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Quinns: Good morning, my playful pickles! Before we start, realise what a marvelous audience you are. You want for nothing more than a glimpse of the fun you'll be having with your friends in the future. You're beautiful, all of you.
If you're anything like me, Hand Made Wonders (pictured above) will be the source at least one evening of boozy giggling. This is an upcoming Taiwanese game where players build monuments out of their hands, but where your left AND right hand will need 3 points each to win, and everyone's hand is part of a different team (determined by the two different-coloured bracelets you're wearing).
Look at this silly thing!
The pictures of people actually playing in the above link all look pretty sedate, is my only concern. I'm excited at the idea of people bickering during the construction of the Leaning Tower of Hands because half the players want to use their left hand, the other their right. I'd love this to play something like Panic on Wall Street, but it's Panic in Hand Land.
I know, I know. "Quinns, why are you showing us Taiwanese games about holding hands? I demand a 2 hour game about wizards THIS INSTANT."
Alright! Cripes. Anything else?
"Yes, it has to use very advanced technology."
Alchemists has just received a 2014 release date from inexhaustibly interesting publisher Czech Games Edition. In it, 2-4 players control fantastic alchemists in a fairly complex management game. You'll collect ingredients, concoct potions, sell the few potions that don't cause your assistants to burst, and publish theories. But all the while you'll be playing a delicate deduction game on top of this, because the game starts with nobody having any idea what the ingredients do.
This is achieved via the real-life wizardy of an accompanying smartphone app. When you start a game of Alchemists the app randomises what everything does, then it'll tell each player the result whenever they brew two ingredients.
I was SO weirded that the first comment this video received on Board Game Geek was "So you need a smartphone to play? That's unfortunate. :("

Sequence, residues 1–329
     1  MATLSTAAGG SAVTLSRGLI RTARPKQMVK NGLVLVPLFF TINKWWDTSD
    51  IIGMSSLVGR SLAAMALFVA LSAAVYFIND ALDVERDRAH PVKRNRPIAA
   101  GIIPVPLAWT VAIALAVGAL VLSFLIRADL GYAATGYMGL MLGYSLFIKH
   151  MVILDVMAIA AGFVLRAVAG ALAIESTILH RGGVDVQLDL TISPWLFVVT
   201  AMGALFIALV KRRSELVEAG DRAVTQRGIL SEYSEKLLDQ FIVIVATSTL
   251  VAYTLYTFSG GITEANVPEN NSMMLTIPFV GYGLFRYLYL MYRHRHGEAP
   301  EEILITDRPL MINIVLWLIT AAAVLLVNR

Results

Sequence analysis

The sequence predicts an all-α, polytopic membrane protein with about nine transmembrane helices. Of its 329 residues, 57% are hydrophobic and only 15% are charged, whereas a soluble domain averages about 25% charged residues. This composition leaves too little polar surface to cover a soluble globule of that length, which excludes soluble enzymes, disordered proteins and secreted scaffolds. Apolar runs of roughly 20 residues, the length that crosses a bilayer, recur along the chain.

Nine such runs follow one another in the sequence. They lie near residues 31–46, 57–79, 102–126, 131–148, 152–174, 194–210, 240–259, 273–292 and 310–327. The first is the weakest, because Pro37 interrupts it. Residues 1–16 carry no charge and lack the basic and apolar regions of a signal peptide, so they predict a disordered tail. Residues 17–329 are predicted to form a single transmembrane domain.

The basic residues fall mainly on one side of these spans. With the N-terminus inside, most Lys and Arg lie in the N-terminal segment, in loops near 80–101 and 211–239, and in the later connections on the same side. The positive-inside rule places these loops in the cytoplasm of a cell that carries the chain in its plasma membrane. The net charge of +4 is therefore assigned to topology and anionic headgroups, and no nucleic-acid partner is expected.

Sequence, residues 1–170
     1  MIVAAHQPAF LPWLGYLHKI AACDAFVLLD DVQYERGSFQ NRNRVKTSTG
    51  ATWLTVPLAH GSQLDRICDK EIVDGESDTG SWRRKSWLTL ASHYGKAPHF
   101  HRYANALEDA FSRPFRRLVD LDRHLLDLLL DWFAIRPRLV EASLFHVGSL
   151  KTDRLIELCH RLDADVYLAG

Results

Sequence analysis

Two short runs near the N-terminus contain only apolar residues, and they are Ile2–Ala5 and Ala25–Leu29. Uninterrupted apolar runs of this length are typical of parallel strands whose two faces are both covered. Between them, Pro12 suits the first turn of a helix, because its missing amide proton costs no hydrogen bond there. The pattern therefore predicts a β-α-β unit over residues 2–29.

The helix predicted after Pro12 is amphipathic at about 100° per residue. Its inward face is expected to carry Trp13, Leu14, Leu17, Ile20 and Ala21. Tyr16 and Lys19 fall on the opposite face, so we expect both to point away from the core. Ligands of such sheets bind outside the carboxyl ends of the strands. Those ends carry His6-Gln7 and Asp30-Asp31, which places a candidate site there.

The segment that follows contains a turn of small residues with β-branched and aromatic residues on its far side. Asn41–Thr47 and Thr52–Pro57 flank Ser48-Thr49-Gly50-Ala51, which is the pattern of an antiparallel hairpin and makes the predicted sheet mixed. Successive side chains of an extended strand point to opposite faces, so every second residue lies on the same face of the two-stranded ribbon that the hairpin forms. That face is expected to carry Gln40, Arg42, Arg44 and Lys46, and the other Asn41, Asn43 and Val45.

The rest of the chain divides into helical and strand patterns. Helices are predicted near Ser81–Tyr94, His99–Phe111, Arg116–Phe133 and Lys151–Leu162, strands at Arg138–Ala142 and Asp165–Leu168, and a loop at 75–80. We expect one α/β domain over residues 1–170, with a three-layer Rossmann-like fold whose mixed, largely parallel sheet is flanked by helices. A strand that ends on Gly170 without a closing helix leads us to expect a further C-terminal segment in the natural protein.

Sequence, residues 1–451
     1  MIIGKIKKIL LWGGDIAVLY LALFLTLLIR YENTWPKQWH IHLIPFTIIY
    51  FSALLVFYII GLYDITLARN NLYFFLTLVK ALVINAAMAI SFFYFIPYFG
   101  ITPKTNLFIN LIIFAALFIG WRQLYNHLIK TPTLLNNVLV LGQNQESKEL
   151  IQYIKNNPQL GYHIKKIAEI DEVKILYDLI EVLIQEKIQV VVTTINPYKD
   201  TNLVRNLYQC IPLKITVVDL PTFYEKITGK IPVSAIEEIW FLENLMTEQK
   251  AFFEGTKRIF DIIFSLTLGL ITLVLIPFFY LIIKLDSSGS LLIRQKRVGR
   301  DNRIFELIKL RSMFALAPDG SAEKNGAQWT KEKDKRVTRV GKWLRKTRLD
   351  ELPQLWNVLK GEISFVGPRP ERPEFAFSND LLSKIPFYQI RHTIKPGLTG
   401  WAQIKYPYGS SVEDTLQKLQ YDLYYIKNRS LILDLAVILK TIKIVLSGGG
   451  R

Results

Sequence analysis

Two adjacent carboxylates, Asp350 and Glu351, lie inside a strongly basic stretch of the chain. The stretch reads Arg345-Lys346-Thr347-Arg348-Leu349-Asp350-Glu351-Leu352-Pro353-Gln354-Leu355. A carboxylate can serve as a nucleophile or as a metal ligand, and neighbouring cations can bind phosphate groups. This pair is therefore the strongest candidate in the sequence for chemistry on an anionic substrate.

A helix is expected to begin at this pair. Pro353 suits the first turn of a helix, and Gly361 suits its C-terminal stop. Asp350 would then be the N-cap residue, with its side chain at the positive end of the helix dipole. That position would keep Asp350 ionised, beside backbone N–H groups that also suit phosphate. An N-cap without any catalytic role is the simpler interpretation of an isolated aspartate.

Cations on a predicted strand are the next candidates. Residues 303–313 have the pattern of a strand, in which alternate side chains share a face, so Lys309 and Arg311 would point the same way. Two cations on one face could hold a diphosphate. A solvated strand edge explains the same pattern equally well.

That's definitely one way to look at it! The other way is that it's "unfortunate" when board game designers don't feel comfortable incorporating smartphones into their design, thus throttling the creative potential of the ENTIRE HOBBY. I say bravo, Czech Games!
(A more reasonable concern would be smart phones not being around in 10 years, but if VHS board games have taught us anything it's that games featuring regressive technology age better, not worse.)
Remember our Kemet review, aka "Kemet: It's Just Clever / It's So Clever / It's Just Clever"? Guess which game is getting an expansion soon! I bet you can't guess. Are you ready? You'll never guess. That's right it's Kemet.
No images just yet, but Kemet: Ta-Seti sounds like a beast. Kemet's preposterous biblical Pic-n-Mix of powers is getting expanding with a fourth colour, and a fourth pyramid to go with it. So now rather than simply levelling up in Attack, Defense and Admin, you'll have to abandon one of the four colours entirely, seeing as your city only has slots for three pyramids. All of this in addition to bulletpoints that just read "A new game phase (dawn)" and "THE PATH OF SOULS".
All of which is going to make no sense if you haven't played Kemet. Heck, I've played Kemet and it barely makes any sense to me. But basically imagine if Rock Paper Scissors got a fourth shape. Also, a new game phase (dawn) and a PATH OF SOULS.
Paradox is another upcoming 2014 release, and it looks delightfully strange.
This Board Game Geek preview sums up some rules, but here's a summary. Reality has collapsed into a hot mess of timelines, each illustrated in the game by a different artist. Worse, humanity has accidentally created something called the Quake which threatens to remove whole planets from existence. And this isn't even the real problem.
The real problem is that only the player/scientist with the most victory points will get the accolade of saving the universe. Meaning, you're going to be breaching spacetime to anchor other points in space, eliminating some worlds to save others. Oh dear.
AND FINALLY, supposedly-not-bad-we-don't-have-an-opinion-even-though-its-been-sitting-in-our-review-stack-for-six-months-sorry-everyone co-operative game Zombicide has received a Kickstarter for its "Third season".
I find it fascinating how they do these Kickstarters, but then I'm a huge dweeb. Basically, each season's Kickstarter features a big-box Zombicide campaign for you to play through, which also functions as an expansion if you have the game already. Then there's a smaller, faetured boxed expansion and a ton of still-smaller expansions that they sell alongside these (new characters! zombie crows!).
All of this is sold at anywhere from 10% to 25% off retail price, with the discount getting deeper the more stuff you order. Then the publishers send a metric crapload of stretchgoals to everyone who orders anything (at the time of writing Season 3 is shipping ALMOST FORTY STRETCH GOALS), thus creating a terrifying perpetual-motion zombie-manufacturing machine. Almost like a real zombie virus, I guess.
Speaking as somebody who loves expansions, this arm of Zombicide has always held incredible allure for me. But it's only this arm. And as all teenagers quickly find out, an arm cannot sustain a loving relationship.
Let's just pray that this never happens to a game I do love. You'd never see me again.